Saturday, August 22, 2015

Fourth Saturday’s Loneliest Liberal: Call me Father James

Or email me

By James Knudsen

Last week on Last Week Tonight with John Oliver, host John Oliver fixed his sights on the topic of televangelists. The 1980’s were, we thought, the zenith of flashy evangelical hucksters, preening, prating, and preying on the prayerful. Turns out this sector of the economy is alive and thriving. Mr. Oliver put particular attention on Reverends Robert Tilton, Creflo Dollar, and Kenneth Copeland and his wife Gloria. Apparently private corporate jets have become a “vital” part of spreading the good word. The humble parsonages of these men of the designer cloth were also featured.
    Their immense wealth is the result of a dogma known as the “prosperity gospel,” and this gospel’s main feature is the concept of “seed money.” The way seed money works is, you plant your seed ($$$) in the preacher’s bank account and it will grow and thus make you prosperous – a sure sign of God’s favor. Sometimes it just convinces viewers not to seek life-saving cancer treatment as described in the segment.
    Oliver even went so far as to write to the Rev. Tilton and donate money, just to see what would happen. Oliver describes it this way, “it’s like having a pen pal who’s in deep with some loan sharks.” But John Oliver was inspired by the words of the Rev. Tilton to start his own church, “Our Lady of Perpetual Exemption,” so named because what the IRS will allow you to get away with is staggering. [“John Oliver takes on lucrative (and tax-free) televangelism,” by Amber Phillips, The Washington Post, August 17]

My own religious life has been blessedly free of such individuals. I’m Catholic. I suppose the more accurate description would be to say I’m a cultural catholic. And while the wrongs of the Church of Rome are well known and documented, I can at least say that I’ve never been asked for my credit card.
    And we have a new sheriff in town, Pope Francis I, who is a welcome change. I’m still an occasional church-goer, but my spiritual world has recently become more complicated. I’m now a man of the cloth.
    A couple of months ago I was asked to officiate the wedding of my niece Luiza. To do this I would have to become some sort of officiant. Turns out that it’s not that difficult.

    It’s actually easy...REALLY easy, like a-few-keystrokes easy. As of July 5, 2015, I am officially recognized by the Universal Life Church as a member of its monastery and have all the rights and privileges to perform all duties of the ministry. And I have a parking pass. Today marks my first official officiating as officiant, when, in the woods of the State of Washington, I join Dylan Murphy and Luiza Gildea in matrimony – the holiness of which has yet to be determined.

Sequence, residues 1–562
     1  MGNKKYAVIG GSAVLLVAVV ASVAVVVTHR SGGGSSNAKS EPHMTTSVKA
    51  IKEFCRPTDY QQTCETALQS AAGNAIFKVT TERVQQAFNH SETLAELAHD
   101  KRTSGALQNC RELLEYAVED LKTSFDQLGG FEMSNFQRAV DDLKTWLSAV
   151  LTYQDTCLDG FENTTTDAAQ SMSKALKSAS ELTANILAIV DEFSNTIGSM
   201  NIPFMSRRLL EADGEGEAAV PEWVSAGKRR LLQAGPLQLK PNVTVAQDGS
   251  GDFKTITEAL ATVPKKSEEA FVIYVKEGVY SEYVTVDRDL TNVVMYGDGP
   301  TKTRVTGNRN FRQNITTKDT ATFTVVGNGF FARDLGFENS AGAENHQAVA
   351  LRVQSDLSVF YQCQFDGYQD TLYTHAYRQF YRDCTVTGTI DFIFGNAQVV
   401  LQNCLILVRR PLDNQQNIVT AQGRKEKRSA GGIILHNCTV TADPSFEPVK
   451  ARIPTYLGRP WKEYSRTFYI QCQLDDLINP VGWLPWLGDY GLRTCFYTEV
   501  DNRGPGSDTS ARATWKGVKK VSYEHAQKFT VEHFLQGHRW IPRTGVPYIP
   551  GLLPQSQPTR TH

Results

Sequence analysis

All this has caused me to consider the whole business of “a calling.” I wasn’t called, I think it was an email. I didn’t receive a sign or hear a voice, but I did get a bumper sticker. All that really happened was, I was asked by someone to do something – a favor – and I said, “yes.” Maybe that’s all any of us needs to do.

Copyright © 2015 by James Knudsen


  1. Ah, memories! Tent revivalists used to come to Tulare occasionally. Jan Strawmeyer and I liked to drive up next to the tent, wait until the preacher reached the crux of his pitch for money, then burn rubber outta there. Entertaining in a high school boy way, and inspired by the film Elmer Gantry.
    And...welcome to the fold, brother. I was ordained in the ULC by my brother (a friend of the founder, and holder of a Doctor of Divinity therein) so that I could marry him. It was a glorious ceremony in the Colorado woods, featuring a surrey with a fringe on top and a cowboy riding shotgun. (The marriage still lives!) I did a few more weddings until once the couple wasn't happy with the outcome, then decided perhaps I shouldn't trifle with such matters.

    1. This is a refreshing revelation! Who knew? Who could have known? Thanks for sharing and connecting with James in this way.

    2. I forgot to say that I also enjoyed your mention of Jan Strawmeyer. I have seen Jan only one time since high school (briefly in a restaurant in Aptos, I think - about ten or fifteen years ago). Have you kept in touch with him?

    3. Jan disappeared after graduation. I haven't heard a word from him since, and you're now the only one I know of who has. Though truth to tell, you are the only high school friend other than Don Richert from whom I have heard more than a few times. Don dropped out of contact at least thirty years ago.

  2. Replies
    1. Thanks for the assessment, Morissa! I hope that James will provide details in his "character update" for September 7's First Monday with Characters column.
          By the way, Morissa, you too are a "character" of Moristotle & Co. I am remembering your January 30, 2013 interview on "phototrotting in Asia". So, please, submit your own "character update" for September. (By September 4, please.) Thanks!